In the weeks following Donald Trump’s inauguration, I enumerated the first three ways that the then-new president had disappointed his Montana supporters.
One: Immediately after his inauguration Trump signed an executive order threatening to gut the Affordable Care Act. He promised to replace it with “something terrific.” The Montana Budget and Policy Center responded quickly: Repealing the Act, it reported, “could have disastrous impacts on Montana, leading to 142,000 fewer Montanans with health coverage than if health reform were left in place.”
Two: Days later Trump withdrew from the Trans-Pacific Partnership. He promised that withdrawal would be a “great thing” for America, but the Billings Gazette quickly cautioned that “more than 80 percent of Montana’s wheat is sold to TPP nations … including Japan, which is also a top-five buyer of U.S. beef.”
Actually, withdrawal from TTP had two additional downsides. It threatened to increase the cost of every flipflop and flat-screen TV purchased in Montana, and it ceded further Pacific Rim trade leadership to the Chinese.
Three: Then came renewed ridicule of NAFTA and more praise of the wall between Mexico and the United States. Montanans who made a list of what they buy or sell across that border were alarmed: automobiles, machinery, medical instruments, mineral fuels, agricultural products coming north; agricultural products, mostly beef, going south. All of it threatened by the specter of an impaired NAFTA and a rising wall.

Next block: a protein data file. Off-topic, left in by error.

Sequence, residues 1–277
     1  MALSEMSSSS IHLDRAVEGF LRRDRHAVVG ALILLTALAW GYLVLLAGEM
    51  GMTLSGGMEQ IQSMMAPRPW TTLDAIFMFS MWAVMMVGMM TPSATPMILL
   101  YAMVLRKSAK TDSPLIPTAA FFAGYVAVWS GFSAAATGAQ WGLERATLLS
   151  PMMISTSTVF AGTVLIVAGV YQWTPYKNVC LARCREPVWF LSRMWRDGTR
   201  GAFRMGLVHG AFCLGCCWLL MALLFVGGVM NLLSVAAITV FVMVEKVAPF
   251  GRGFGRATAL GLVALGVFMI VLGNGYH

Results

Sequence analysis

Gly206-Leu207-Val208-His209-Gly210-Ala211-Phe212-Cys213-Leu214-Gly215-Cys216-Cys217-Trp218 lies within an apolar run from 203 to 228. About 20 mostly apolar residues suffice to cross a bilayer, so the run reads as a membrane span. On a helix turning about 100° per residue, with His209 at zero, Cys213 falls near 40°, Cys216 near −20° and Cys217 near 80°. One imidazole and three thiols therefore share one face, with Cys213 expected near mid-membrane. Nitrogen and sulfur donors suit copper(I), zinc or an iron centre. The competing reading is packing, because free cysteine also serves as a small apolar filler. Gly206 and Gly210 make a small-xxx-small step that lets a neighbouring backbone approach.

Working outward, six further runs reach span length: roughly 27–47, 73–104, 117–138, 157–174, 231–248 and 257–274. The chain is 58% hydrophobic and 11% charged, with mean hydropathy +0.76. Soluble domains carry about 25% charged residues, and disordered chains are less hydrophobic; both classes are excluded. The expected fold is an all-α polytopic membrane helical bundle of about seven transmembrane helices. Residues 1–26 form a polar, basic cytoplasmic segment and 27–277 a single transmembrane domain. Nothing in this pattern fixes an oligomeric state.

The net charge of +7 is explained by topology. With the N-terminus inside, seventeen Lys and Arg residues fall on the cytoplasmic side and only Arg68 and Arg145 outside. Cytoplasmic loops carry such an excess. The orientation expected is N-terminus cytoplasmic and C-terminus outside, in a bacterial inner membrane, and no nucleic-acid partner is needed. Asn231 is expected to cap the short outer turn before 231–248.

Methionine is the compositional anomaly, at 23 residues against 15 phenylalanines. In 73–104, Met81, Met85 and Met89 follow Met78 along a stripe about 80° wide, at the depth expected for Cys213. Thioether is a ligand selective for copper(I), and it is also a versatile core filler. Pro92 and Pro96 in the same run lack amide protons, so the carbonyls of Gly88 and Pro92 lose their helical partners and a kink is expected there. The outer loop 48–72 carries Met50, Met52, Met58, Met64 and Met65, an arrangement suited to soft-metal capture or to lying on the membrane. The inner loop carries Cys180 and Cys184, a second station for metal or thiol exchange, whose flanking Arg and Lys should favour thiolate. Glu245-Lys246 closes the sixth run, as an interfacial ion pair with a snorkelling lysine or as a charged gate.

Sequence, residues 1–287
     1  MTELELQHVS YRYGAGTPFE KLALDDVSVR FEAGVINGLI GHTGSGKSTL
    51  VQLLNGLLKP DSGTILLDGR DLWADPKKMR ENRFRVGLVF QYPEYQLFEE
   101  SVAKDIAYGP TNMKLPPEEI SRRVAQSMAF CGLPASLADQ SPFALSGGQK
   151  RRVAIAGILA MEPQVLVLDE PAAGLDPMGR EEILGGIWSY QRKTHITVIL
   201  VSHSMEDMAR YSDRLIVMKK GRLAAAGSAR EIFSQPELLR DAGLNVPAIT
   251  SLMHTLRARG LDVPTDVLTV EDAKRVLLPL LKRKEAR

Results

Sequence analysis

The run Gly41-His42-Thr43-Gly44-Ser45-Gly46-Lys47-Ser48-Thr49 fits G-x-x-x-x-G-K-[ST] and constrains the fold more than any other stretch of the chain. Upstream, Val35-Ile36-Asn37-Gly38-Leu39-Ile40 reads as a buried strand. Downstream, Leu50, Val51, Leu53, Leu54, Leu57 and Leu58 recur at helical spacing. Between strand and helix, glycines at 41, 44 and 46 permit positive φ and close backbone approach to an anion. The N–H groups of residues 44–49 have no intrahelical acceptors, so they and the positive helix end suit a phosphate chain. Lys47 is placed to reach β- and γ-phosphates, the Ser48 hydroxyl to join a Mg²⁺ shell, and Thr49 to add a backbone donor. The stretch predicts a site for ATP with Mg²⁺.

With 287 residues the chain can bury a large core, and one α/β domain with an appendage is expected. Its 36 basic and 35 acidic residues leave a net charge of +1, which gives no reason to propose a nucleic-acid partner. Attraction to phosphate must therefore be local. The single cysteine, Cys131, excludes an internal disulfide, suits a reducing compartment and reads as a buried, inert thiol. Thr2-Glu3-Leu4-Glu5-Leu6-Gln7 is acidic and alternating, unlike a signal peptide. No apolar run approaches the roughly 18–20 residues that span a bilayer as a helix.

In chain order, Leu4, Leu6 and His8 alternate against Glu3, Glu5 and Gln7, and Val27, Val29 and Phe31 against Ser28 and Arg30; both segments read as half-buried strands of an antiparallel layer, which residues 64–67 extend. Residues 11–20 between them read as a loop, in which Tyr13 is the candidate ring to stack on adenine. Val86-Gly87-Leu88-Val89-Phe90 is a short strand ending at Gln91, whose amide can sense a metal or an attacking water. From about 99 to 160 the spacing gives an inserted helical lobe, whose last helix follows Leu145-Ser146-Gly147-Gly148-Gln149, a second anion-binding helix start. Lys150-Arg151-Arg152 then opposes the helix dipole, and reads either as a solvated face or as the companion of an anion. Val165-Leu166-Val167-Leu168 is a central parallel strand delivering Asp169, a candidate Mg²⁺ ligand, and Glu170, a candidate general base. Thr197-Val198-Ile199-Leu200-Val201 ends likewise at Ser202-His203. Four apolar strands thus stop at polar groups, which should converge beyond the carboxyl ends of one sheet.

Unfortunately, the fourth affront approaches. I refer, of course, to the tax proposal that is whirling around the Capitol and toward the White House with indecent speed. Under the moniker “Tax Cuts and Jobs Act,” the proposal wants us to pretend that oil (i.e., tax cuts) and water (jobs) do mix. It wants us to believe a trickle-down hoax so hoary and discredited that invoking it is enough to make a sailor — although, apparently, not a politician — blush.
In Montana alone, according to the Department of Revenue, the state’s wealthiest taxpayers will receive 50 percent of tax breaks proposed by “Tax Cuts and Jobs.” Breaking down the tax breaks:
♦ Each of the state’s wealthiest households: $25,000 a year.
♦ Each household with an income of $20,000-$64,000: $788 a year.
♦ Each household with an income of $20,000 or less: slim to none.
The average household income in Montana is somewhere south of $48,000. Do the math. Are you an average Montana household that will see a reduction of $788 in your federal taxes while 3.4 percent of your fellow Montanans see a reduction of $25,000? Did you, like 57 percent of Montana’s voters, cast a ballot for Trump? If you are and if you did, please bear it all in mind when the next elections roll ’round.
Bruce A. Lohof is a native of Montana. A former professor and a retired diplomat, he lives in Vienna and in Red Lodge.